How Ooky Can a Revelation Be? [On the Trail with Miss Snail Pail]
My favorite of more than 100 films in the 9th Wild & Scenic Environmental Film Festival is “On the Trail with Miss Snail Pail.” Certainly, there are more important films, more impactful films. However, this 12-minute experience thinks outside the box in a way that deserves special respect.
Colleen Flanigan (Miss Snail Pail) deflects some of the intense light focused on matters of huge scope and portent. She “shines a little light” on snails.
Escargot -- its fancy French name -- is a delicacy. One person’s ooky is another person’s delicious and nutritious. Snails are low in saturated fat, high in protein and potassium. Miss Snail Pail eats snails straight up, but relishes in such recipes as broccoli snail soup and gingerbread snailmen cookies.
Rather than “waste life,” Flanigan exemplifies acting on insights and opportunities that surround us. Flanigan, an artist, was short on money. Now, people call her to handle the snail problems in their gardens, and Miss Snail Pail also reaps a bountiful source of food. Not incidentally, her services provide an alternative to pesticide.
Director Greg Young seasons his film with creatively lit shots of snails, lots of slinking snails, all waggling their creepy antennae. Fun crawls throughout the film, with a mild flavor of meaningful context. Giggly, techno-kid voices add to the soundtrack, and of course, there’s Miss Snail Pail. Clad in high boots, striped tights, short skirt, yarn wig, and a head lamp under her big hat, she plucks snails in the night. She cooks her alternative revelation.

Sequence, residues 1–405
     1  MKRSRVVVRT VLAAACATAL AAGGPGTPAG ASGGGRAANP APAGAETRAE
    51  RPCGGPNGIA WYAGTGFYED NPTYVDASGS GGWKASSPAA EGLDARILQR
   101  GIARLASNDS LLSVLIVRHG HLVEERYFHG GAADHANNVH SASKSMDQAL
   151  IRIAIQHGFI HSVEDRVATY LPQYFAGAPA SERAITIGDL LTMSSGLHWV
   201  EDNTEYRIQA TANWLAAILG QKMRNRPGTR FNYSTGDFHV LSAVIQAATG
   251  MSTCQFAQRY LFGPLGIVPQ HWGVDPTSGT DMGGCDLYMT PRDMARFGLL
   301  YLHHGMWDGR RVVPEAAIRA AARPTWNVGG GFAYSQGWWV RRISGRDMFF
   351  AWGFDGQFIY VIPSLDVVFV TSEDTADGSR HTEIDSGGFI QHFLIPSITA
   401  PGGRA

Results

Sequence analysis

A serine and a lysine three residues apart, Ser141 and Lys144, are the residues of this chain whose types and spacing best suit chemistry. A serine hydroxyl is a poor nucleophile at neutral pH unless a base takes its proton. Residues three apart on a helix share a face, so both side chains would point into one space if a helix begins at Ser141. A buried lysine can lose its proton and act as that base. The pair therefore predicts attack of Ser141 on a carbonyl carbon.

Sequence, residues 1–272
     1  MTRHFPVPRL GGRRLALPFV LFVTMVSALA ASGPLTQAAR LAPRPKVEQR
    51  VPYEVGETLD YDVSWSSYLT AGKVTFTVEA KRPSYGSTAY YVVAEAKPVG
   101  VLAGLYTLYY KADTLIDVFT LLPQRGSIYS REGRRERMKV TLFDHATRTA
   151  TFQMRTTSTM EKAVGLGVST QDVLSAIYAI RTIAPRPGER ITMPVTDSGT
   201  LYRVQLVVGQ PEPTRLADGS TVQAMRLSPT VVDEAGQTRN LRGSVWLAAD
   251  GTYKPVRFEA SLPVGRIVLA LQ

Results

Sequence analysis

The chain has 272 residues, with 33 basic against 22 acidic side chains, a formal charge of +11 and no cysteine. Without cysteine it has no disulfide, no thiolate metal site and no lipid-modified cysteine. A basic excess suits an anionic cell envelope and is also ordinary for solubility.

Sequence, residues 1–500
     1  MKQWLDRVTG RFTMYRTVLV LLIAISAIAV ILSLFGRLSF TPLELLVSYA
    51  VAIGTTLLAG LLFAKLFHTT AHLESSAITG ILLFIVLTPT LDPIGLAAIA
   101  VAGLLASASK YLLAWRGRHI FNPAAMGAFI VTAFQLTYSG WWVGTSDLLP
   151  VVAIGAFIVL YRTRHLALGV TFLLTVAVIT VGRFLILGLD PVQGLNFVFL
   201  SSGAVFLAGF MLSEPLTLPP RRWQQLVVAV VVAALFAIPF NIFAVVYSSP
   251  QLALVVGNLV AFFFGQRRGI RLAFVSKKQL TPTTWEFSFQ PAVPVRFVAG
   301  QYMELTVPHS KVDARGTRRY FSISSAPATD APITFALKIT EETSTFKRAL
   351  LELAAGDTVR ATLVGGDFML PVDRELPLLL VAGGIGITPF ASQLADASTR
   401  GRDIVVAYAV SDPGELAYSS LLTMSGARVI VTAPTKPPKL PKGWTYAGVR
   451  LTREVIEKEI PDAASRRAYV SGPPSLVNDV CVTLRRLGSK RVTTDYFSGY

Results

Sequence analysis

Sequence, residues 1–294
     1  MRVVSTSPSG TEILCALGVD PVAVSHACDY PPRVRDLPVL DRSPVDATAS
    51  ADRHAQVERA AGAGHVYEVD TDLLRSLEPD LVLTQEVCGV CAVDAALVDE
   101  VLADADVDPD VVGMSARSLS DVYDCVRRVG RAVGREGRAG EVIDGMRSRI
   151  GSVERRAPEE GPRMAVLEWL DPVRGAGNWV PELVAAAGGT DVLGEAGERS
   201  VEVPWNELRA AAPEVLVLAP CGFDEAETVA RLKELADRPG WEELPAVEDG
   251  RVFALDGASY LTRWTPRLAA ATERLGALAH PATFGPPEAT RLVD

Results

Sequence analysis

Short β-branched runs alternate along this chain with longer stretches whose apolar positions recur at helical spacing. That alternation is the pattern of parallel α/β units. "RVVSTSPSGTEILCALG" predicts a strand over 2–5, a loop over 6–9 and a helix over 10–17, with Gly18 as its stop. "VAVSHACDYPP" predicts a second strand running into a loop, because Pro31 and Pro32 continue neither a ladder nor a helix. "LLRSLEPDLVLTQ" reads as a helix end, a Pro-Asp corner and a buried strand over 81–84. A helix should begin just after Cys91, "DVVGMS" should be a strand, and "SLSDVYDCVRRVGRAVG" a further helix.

If you can sublimate the ooky factor, this may be a favorite film for you, too.
- - - - - - Q and A with “On the Trail with Miss Snail Pail” director Greg Young - - - - - -
Chuck Jaffee: Miss Snail Pail’s costume is a trip, but it frames a question: how much of her devotion is a put-on, and how else is she committed to alternative sanity?
Greg Young: Miss Snail Pail emerged after she (Colleen Flanigan) returned from [being] a volunteer with the Global Coral Reef Alliance [helping to install] artificial reefs to rebuild marine habitat. Colleen is an artist who views everything as useful, looks at resources through a new lens, and invites others to imagine unconventional solutions. She is a Technology, Entertainment, Design (TED) Senior Fellow selected for her art, science, and environment work.
CJ: You make snails playfully cinematic, but you seem intentionally to heighten their ookiness. Can snail ookiness be overcome such that they could be a widely accepted food?
GY: My interest in doing this film was definitely affected by the contrast of Colleen’s appearance and the ookiness factor of the snails. At a deeper level, Colleen’s approach is to harvest a food source readily available and use that action to direct our culture beyond the normal to unique sustainable food sources for the future.
CJ: Where are you on the snails-as-food spectrum?
GY: Lots of garlic helps. I tried the brochette prepared in the film, but I’m not quite ready for the crispy chips and cookies.
CJ: What's the biggest challenge making a film with live snails?
GY: They do not travel in straight lines, ever. I had the idea of a minute or two sequence of snails marching to the cooking pot. They didn’t cooperate. After several weeks of on and off filming, I gave up.